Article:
After the genocide, survivors accused Bishop Misago of collaborating with the militia in organizing the massacre. He was imprisoned for two years, and has since been released for lack of evidence. He is back to his duties as bishop.
My reason for telling the story of Misago here is not to determine his innocence or participation in the genocide. It is to highlight his response when asked about the Tutsi school children who were massacred at Kibeho, a school run by the diocese, and why he had failed to use his influence as a bishop to protect them.
“What could I do? … I do not have an army. What could I do by myself, Nothing. That is elementary logic…. When men become like devils, and you don’t have any army, what can you do? “(Gourevitch, We Wish to Inform you that Tomorrow, 138-139)
Misago’s statement appears genuine because it points to the ‘realism’ through which many of us have come to assume violence as inevitable – and perhaps as part of the normal way we expect societies to operate. However, what Misago’s apparent ‘helplessness’ points to are the limits of the Christian imagination. That, in fact, is why Misago’s response is very instructive. In making reference to the army and his lack thereof, he rightly points to an institution of modern nation-state politics through which the domestication of the Christian imagination takes place.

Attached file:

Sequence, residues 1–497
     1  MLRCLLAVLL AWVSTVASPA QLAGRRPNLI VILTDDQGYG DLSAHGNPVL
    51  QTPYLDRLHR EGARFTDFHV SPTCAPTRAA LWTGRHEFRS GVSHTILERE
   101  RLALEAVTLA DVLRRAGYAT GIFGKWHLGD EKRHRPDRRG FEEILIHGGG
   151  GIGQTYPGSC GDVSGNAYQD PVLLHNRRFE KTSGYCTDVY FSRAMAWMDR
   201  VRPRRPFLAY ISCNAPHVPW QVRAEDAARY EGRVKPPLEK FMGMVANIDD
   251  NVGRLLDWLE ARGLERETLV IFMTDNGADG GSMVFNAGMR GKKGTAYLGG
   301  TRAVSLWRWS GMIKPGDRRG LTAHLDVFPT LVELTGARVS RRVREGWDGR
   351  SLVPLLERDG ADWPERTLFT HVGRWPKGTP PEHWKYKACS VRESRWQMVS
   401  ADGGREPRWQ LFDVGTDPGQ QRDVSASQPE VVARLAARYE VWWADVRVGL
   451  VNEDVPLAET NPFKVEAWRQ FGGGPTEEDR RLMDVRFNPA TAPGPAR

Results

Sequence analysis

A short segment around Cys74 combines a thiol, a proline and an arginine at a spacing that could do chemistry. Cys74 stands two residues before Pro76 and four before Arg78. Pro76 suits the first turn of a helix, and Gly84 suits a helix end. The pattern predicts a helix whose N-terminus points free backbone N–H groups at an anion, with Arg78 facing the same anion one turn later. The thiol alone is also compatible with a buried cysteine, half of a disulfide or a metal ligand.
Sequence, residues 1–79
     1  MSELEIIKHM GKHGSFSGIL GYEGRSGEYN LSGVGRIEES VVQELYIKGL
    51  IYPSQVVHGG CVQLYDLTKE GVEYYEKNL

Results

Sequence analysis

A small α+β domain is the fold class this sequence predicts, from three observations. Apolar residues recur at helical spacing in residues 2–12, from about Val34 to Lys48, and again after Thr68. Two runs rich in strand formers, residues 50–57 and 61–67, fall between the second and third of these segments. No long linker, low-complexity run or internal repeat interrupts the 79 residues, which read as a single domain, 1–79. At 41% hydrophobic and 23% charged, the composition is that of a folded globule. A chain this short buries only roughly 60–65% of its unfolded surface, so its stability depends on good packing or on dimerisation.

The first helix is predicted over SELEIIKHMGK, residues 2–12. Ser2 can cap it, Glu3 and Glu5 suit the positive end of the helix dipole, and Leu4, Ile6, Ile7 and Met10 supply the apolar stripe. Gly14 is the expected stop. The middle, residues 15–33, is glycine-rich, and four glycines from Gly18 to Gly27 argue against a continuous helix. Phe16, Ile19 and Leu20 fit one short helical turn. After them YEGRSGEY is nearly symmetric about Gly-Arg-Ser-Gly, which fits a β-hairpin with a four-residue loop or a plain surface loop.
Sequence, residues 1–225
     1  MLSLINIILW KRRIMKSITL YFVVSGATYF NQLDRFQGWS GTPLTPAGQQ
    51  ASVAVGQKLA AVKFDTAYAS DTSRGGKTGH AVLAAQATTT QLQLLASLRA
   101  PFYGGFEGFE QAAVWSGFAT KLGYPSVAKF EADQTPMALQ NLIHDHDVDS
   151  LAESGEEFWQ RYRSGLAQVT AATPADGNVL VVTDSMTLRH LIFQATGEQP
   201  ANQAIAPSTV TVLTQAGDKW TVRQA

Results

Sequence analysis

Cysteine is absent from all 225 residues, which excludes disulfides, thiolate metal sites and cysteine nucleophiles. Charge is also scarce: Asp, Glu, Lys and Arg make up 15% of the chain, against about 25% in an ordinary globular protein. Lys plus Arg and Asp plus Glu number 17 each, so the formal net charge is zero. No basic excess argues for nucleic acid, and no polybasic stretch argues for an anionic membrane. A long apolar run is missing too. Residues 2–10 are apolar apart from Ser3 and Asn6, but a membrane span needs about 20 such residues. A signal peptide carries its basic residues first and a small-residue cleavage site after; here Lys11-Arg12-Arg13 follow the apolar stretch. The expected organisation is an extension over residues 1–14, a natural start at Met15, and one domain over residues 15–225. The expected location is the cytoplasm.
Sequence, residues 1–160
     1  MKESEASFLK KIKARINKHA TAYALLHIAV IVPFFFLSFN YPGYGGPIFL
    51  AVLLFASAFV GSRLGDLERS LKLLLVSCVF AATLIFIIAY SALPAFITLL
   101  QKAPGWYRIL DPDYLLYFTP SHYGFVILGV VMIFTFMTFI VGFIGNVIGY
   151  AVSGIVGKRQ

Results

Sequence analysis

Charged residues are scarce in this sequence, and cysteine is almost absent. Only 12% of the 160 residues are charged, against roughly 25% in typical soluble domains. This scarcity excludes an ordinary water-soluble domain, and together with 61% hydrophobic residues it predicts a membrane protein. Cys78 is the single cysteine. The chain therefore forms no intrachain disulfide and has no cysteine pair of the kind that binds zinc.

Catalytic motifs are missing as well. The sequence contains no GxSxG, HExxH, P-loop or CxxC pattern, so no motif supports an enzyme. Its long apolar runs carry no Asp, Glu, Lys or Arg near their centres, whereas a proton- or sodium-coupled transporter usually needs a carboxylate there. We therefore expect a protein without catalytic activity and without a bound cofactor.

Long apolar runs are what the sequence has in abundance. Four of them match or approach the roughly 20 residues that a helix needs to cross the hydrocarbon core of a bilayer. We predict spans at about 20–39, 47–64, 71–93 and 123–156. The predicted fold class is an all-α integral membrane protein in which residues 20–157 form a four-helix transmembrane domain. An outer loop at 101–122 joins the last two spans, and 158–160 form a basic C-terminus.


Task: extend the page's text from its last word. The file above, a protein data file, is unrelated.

A number of points are significant here: First, that politics and imagination belong together, and that what is going on in politics is the shaping of a particular imagination. For as Bill Cavanaugh rightly notes:
“How does a provincial farm boy become persuaded that he must travel as a soldier to another part of the world and kill people he knows nothing about? He must be convinced of the reality of boarders, and imagine himself deeply, mystically, united to a wider national community that abruptly stops at the boarder.” (Cavanaugh, Theopolitical Imagination, 1).
Secondly, the shaping of the political imagination does not take place in isolation but through the key institutions of nation-state politics: the army, the police, schools, the market or shopping malls etc. Thirdly, by locating her mission neatly within the framework of nation-state politics, Christianity allows her own imagination to be shaped, determined and domesticated by the dominant political imagination. Lest this sound both abstract and overly theoretical, let me explore these claims in relation to Africa, with a particular reference to Rwanda.
4. Politics and the Imagination of Violence: the church and nation-building